Lt. Vernell Crittendon, who retired Aug. 18, is probably best known as the
public information officer who emerged from the prison's yellowed walls to
give grim updates as condemned men such as Stanley "Tookie" Williams
exhausted their appeals before execution. He also mystified the public in
2005 with news that wife killer Scott Peterson was receiving a hundred
letters of support each day from female admirers.
But Crittendon's role at the prison was much broader than that. His
straightforward manner and reputation for honesty gained him the respect
of prisoners, guards and the public.
And he used this unique status to be the driving force behind the most
extensive community volunteer program in the state.
"Prison should not just be gun towers and electric fences," Crittendon
"Many of these men have never been around people of integrity. They need
good citizens to come into the prison and to start building bridges from
the inside out."
Crittendon coordinated prison access for 3,000 volunteers who provide a
variety of services such as teaching college-level courses, conducting
workshops in parenting skills, instructing yoga classes and coaching
The scope of San Quentin's volunteer program is unparalleled. The only
other state prison that comes close is the California Institute for Women
in Riverside County, which had 600 community volunteers in 2004, said
former Department of Corrections Secretary Jeanne Woodford.
Woodford instituted many of the programs Crittendon oversaw while she was
warden at San Quentin.
"Vernell put in a tremendous amount of extra time making sure things went
right with these programs. He oversaw all the groups, workshops, classes
and baseball teams. People are not going to know how much work he's done
until he's gone," Woodford said. "He's the heart and soul of San Quentin."
The walls of Crittendon's cluttered office in the prison's 93-year-old
Administration Building are covered with photos of prison athletic teams,
inmates posing with dogs they trained and autographed glossies of
television legends Ed Bradley and Larry King.
On a filing cabinet near his desk are the Department of Corrections
Distinguished Service Medal for a body of work and the 2006 Best in the
Business Award from the American Correctional Association.
On a recent afternoon before his retirement, Crittendon sat at his desk
and talked about his career, death row and the best chances for reforming
inmates who genuinely want to change their lives.
A history buff and avid reader, Crittendon reached into a stack of books
on his desk and retrieved a copy of Warden Clinton Duffy's "The San
Quentin Story," published in 1950. He flipped open the shopworn cover and
proudly displayed Duffy's signature.
Known as a reformer, Duffy abolished physical punishment, founded the
prison night school and was the first warden to introduce an Alcoholics
Anonymous program to a prison institution.
"Warden Duffy was a visionary who truly embraced the belief that people
can be redeemed," said Crittendon, who kept a framed picture of Duffy on
his office wall. "Thanks to him, there are now AA programs in every prison
in the country."
After such a long career in the penal system, one might think that
Crittendon would be soured on redemption. After all, 77 % of California's
171,000 prisoners are likely to reoffend after their release, according to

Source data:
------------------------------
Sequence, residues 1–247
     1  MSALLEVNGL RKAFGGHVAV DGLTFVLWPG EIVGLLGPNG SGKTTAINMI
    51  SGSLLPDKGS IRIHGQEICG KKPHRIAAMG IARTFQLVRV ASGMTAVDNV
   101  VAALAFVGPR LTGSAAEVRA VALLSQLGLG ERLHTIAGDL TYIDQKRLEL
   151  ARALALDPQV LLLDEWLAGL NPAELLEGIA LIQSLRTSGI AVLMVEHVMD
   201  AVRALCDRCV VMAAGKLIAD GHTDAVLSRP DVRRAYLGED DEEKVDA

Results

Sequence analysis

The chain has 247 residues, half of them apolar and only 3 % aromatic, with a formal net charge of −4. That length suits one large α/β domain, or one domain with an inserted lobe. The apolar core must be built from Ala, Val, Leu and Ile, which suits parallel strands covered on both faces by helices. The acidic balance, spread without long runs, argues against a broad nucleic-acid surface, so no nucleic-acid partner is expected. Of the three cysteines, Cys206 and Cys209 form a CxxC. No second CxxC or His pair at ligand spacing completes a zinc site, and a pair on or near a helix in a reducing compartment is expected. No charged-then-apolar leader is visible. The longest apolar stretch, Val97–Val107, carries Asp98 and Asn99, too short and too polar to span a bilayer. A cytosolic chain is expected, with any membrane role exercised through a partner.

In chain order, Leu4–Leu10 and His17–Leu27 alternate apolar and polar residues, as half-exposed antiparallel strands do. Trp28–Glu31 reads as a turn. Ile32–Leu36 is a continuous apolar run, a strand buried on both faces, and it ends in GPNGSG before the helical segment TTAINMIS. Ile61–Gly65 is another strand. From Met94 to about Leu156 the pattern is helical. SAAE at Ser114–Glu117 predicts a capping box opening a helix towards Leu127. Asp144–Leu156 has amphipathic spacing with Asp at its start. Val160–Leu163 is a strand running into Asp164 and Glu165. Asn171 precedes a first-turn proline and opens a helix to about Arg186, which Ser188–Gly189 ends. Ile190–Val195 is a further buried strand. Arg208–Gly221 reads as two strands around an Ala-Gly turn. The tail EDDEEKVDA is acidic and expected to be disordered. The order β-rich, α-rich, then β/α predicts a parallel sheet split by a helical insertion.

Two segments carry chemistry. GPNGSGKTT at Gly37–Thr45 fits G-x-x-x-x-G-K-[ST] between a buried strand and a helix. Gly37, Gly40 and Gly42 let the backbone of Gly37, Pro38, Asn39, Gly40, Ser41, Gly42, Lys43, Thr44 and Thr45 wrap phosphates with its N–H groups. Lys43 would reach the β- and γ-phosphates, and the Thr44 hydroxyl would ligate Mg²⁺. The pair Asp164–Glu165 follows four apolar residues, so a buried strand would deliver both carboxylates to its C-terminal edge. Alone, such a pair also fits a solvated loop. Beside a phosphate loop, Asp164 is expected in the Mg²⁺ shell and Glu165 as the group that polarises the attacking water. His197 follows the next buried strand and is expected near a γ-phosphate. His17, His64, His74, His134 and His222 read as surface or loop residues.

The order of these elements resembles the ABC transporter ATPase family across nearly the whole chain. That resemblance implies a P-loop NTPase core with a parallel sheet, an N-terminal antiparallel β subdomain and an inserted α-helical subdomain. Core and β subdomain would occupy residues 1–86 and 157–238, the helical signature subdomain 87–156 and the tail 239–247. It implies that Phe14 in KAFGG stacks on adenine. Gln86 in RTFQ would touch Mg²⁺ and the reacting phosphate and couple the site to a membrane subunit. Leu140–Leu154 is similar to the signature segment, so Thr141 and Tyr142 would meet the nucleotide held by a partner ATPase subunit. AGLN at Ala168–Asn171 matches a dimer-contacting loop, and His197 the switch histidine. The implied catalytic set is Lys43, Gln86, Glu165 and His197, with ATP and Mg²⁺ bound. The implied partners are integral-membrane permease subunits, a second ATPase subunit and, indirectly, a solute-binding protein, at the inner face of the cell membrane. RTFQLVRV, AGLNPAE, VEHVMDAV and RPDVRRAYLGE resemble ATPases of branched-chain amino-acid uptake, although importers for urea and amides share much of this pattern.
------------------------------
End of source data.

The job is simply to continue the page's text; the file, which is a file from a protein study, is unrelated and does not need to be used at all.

Department of Corrections statistics.
But that's not the case. When Crittendon talks about San Quentin's
volunteer program, he sits forward in his chair, and his voice rises an
octave or 2.
"There are thousands of guys who are just knuckleheads and belong in
prison, but there are hundreds who are doing the hard work, taking
classes, learning how to be parents, learning to control anger, so they
can change," he said. "If we can support those hundreds, they don't have
to go home as liabilities. They can be assets to their families and
The best way to increase the likelihood that the hundreds will succeed is
by bringing volunteers into the prison to set examples, Crittendon said,
to show support and decrease the sense of social isolation most offenders
experience in and out of prison.
One ex-offender who took advantage of the volunteer programs at San
Quentin is Pastor Michael Tomlinson. A former hard-core criminal,
Tomlinson spent 18 years behind bars. He has been out for 12 years and he
wrote "From the Pit to the Pulpit," an autobiography that chronicles his
transformation. He is married with 3 sons and runs a transitional program
"I'll never go to prison again, but if I did, I would want to go to San
Quentin," Tomlinson said. "It was a changing point for me. Most prisons
put you on the same level as puke, but at San Quentin you can take
classes, interact with people from the outside and that makes you feel
your worth. Vernell is a big part of that. I have to attribute him with
being part of the success in my life."
Crittendon, who has been an integral part of the state's 13 executions
since 1992, said he struggles with the death penalty. He was instrumental
is establishing the 1992 execution protocol for Robert Alton Harris, the
1st man to die in the gas chamber since 1967.
He is convinced that California has never executed an innocent man or
woman, but he said it is a crapshoot as to who will be sentenced to death.
"A person can receive a death sentence for a murder in Los Angeles County,
but if he commits the exact same murder in San Francisco, it's very
unlikely he will be tried for a capital crime," he said. "It's my duty to
carry out the law of the state of California, but I'm a human being, too."
Despite his retirement, Crittendon is not planning on slowing down anytime
soon. He will continue to sponsor community programs at San Quentin, and
he plans to expand the hours at the San Quentin Museum. He is popular at
speaking engagements and, though he is careful not to disclose exactly
where he lives, he has been casting a coy eye at a possible run for the
Contra Costa County Board of Supervisors.
"I've talked to a campaign manager or two," he said vaguely, and then
added with some political polish, "I want to make a difference in my
community and have a positive effect on Contra Costa County."
Crittendon's retirement has caused uncertainty among many program
volunteers. Crittendon himself is concerned about changes in the prison
"When I see people like Secretary Jeanne Woodford appearing to be forced
out, I question the direction we're going in," he said. "I pray that